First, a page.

EPA is now regulating hydraulic fracturing when diesel fuel is used

Earlier this year, NRDC and partner organizations sent a letter to the U.S. Environmental Protection Agency (EPA), asking the agency to fully enforce the Safe Drinking Water Act when it comes to hydraulic fracturing using diesel fuel. Hydraulic fracturing (aka "fracking"), as I've blogged about before, is a process used in oil and gas extraction that has been implicated in contaminating the drinking water of families around the country.

While most hydraulic fracturing is exempt from this federal law, hydraulic fracturing using diesel fuel is not exempt. According to the EPA, diesel fuel contains substances that are known to cause cancer or other serious illnesses--benzene, toluene, ethylbenzene, and xylenes--and have been found in fracturing fluids at levels that exceed drinking water standards.

A recent article in Inside EPA reports that the EPA has moved to require a permit when any company uses diesel fuel in the chemical cocktail it blasts underground to access oil or natural gas. This is great news -- it’s the law, and it's EPA's job to enforce that law. It's especially important because a recent investigation by the House of Representatives Energy and Commerce Committee found that companies have been using diesel in hydraulic fracturing--without reporting it to the EPA. Now any hydraulic fracturing jobs using diesel will be subject to federal standards for well safety to best protect underground sources of drinking water.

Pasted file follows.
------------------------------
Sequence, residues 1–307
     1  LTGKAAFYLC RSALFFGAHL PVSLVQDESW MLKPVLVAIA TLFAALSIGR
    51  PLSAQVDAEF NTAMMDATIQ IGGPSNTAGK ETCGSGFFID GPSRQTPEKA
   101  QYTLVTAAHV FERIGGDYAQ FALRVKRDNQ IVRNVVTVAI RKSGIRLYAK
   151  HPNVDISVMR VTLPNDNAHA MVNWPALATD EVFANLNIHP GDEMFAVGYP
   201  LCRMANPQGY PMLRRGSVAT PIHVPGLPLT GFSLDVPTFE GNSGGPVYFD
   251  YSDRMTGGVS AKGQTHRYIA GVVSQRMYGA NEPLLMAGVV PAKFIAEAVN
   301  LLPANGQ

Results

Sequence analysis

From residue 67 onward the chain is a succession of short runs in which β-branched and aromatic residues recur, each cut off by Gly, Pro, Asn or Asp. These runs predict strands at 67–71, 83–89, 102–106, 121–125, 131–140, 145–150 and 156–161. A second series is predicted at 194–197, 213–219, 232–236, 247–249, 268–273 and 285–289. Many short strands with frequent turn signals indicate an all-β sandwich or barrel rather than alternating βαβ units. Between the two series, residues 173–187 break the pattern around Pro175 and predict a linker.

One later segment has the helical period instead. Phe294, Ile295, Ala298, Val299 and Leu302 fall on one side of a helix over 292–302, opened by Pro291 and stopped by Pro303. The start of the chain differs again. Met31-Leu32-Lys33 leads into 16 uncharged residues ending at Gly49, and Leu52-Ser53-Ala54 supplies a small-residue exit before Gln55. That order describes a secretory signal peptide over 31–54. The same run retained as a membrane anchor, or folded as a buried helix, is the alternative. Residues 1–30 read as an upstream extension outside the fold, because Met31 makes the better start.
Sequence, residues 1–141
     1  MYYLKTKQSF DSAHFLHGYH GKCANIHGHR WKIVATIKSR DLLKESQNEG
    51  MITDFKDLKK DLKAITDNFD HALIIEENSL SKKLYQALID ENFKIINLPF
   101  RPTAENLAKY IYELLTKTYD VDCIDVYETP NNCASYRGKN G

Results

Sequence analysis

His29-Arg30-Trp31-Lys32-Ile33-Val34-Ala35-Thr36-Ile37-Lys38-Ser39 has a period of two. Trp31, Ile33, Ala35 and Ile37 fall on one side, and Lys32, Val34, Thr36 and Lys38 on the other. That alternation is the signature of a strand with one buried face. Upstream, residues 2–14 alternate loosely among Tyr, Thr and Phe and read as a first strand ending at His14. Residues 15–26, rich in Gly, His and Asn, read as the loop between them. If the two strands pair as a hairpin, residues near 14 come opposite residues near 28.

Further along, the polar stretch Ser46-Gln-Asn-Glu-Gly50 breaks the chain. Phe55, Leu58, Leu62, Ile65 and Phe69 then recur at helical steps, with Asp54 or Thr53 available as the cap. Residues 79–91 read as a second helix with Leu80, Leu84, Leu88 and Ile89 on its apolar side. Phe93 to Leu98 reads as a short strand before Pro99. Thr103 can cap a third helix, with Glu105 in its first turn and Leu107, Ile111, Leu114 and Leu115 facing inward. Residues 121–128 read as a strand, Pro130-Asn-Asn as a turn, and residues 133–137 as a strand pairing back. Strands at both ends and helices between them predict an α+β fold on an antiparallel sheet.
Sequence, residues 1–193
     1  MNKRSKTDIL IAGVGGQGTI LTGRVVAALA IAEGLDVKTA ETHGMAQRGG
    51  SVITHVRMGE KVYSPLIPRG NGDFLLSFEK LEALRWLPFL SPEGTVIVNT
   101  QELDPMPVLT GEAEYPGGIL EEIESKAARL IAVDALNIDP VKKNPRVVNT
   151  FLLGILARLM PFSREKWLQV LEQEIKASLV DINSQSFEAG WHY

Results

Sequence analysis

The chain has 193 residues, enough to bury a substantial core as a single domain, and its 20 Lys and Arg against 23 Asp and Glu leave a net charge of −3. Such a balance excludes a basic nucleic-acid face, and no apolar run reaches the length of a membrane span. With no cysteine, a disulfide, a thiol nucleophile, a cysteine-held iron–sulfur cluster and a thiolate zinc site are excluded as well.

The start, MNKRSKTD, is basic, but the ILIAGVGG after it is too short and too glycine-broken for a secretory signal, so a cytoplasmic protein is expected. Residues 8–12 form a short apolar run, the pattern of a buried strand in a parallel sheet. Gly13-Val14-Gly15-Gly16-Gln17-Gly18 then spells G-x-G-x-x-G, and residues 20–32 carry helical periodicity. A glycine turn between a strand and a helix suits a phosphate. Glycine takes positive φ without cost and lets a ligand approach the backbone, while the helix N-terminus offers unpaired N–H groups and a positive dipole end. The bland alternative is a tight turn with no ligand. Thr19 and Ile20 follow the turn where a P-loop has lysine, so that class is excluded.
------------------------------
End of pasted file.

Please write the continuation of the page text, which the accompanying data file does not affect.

Sadly, industry doesn’t seem too enthusiastic about following the law. Inside EPA reports that two oil and gas industry associations are suing the EPA over the permit requirement. Does this mean they are using diesel and not reporting it? Otherwise, why would they care?

This is an important step in protecting America's drinking water from the risks posed by oil and gas exploration and production. We're also glad that EPA is embarking upon the first-ever scientific study of the environmental and health impacts of hydraulic fracturing. In addition, last month, EPA asked hydraulic fracturing companies for information on the chemicals they use.

The next step is for Congress to close the Halliburton Loophole and ensure that all hydraulic fracturing activities, not just operations using diesel fuel, are subject to the Safe Drinking Water Act. Such protection is critical to protect clean drinking water from the threats of oil and gas operations across the country.